Finally, if a student is completing any homework offline, you need to ensure that you have a way to view it. This can be achieved with a document camera during the session, or by having the student scan their work and email it to you before the session. If students don’t have a typical scanner, they can take a photo and email, text, or upload it to a designated spot.
Maintaining Student Interest:
Because you will lack many of the non-verbal cues that indicate if a student is engaged with online learning, it is harder to know that your student is paying attention during a remote session. In order to keep them interested, it is key to have the student actively participating in the session. You should constantly ask questions and have the student rephrase any information you provide in their own words. Remember, the moment you are talking and your student is not, they may have opened another tab or drifted into a dream world.
Additionally, because you are no longer in the room with your student, you should aim to ratchet up your enthusiasm. Learning from a screen can feel stiff compared to learning in person, so it is up to you to compensate for that gap with fun and purposeful activities, a positive attitude and consistent energy.
Flexibility of Session Length and Schedule:
Because online learning doesn’t require travel, it allows you to be more flexible with your schedule. Breaking up a full-length session into two smaller sessions or scheduling short follow ups are now options that you can offer your students. Be creative! You can now schedule a session to outline an essay and another one to edit the final draft, or three thirty-minute sessions to do math drills and review content consistently throughout the week.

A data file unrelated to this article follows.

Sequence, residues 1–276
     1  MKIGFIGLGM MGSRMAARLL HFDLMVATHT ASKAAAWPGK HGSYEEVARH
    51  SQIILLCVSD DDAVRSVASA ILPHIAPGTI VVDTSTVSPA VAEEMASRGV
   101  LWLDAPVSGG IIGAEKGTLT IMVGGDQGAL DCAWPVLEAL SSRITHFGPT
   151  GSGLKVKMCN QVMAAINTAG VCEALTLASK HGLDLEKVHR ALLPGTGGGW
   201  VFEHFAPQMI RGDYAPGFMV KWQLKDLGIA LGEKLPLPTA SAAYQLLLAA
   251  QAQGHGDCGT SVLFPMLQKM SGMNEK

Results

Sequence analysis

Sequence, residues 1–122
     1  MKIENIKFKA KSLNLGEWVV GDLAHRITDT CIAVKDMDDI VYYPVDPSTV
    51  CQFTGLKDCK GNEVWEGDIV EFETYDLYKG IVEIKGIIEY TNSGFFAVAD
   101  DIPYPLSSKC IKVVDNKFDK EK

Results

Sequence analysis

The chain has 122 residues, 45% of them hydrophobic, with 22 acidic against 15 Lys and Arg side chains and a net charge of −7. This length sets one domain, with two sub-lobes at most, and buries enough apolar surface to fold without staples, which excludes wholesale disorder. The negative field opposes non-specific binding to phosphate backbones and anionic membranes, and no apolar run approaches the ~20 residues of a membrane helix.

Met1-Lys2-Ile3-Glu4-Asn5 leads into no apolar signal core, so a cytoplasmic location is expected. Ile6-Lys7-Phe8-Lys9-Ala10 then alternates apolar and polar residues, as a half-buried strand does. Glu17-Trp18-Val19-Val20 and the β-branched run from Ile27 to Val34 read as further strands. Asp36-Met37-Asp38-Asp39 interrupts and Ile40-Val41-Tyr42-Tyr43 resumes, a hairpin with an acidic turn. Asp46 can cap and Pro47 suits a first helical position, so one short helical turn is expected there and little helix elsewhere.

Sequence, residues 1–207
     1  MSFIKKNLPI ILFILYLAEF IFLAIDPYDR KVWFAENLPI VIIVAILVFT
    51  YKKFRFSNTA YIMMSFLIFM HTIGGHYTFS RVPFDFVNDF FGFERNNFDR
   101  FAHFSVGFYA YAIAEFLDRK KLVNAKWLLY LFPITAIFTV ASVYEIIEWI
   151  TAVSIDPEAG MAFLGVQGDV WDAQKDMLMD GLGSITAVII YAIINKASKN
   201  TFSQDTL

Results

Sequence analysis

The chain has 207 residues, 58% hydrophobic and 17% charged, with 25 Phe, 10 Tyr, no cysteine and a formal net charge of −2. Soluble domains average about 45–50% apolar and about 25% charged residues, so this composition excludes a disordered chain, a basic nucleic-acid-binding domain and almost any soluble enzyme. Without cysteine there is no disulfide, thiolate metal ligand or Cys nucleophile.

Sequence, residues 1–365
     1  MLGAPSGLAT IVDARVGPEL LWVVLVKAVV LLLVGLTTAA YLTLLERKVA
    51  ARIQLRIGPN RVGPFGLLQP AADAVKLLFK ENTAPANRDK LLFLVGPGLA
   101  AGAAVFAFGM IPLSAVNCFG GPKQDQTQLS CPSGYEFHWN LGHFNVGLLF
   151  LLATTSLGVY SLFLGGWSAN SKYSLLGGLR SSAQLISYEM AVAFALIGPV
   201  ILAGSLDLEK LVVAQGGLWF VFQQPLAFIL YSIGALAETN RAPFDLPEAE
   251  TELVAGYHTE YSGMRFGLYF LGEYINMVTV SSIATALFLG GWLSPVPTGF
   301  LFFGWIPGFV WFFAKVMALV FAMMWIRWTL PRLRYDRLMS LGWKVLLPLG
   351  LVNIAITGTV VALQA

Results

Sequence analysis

Providing Normalcy and Minimizing Disruption:
Given the current disruption to your students’ school life, you should check in on how they are handling the transition in their schools. Your students may have issues with their new remote classrooms and you can help them develop strategies to learn more effectively. This can be an ideal opportunity to model problem solving behavior; rather than prescribing solutions, use targeted questions to help guide your students to strategies on their own.
Additionally, be open to feedback. Ask your students about how your remote sessions are going and try to incorporate their suggestions. Check in about what they like and don’t like about online learning and be willing to adapt your approach to their needs.
Finally, in the midst of this crisis, online learning will act as an emotional support to your students. This is bound to be a trying time for your students; their daily routines, education and social life are all in upheaval. By continuing to provide the same warm, reassuring presence that you bring to your in-person sessions, you can be an important anchor of normalcy in their life. The very fact that you are taking additional steps to meet with them in the midst of a crisis signals your commitment to their education and general well-being — it will not be overlooked.
By Jacob Backer, Private Tutor, and Brad Hoffman, M.S.Ed. and Learning Specialist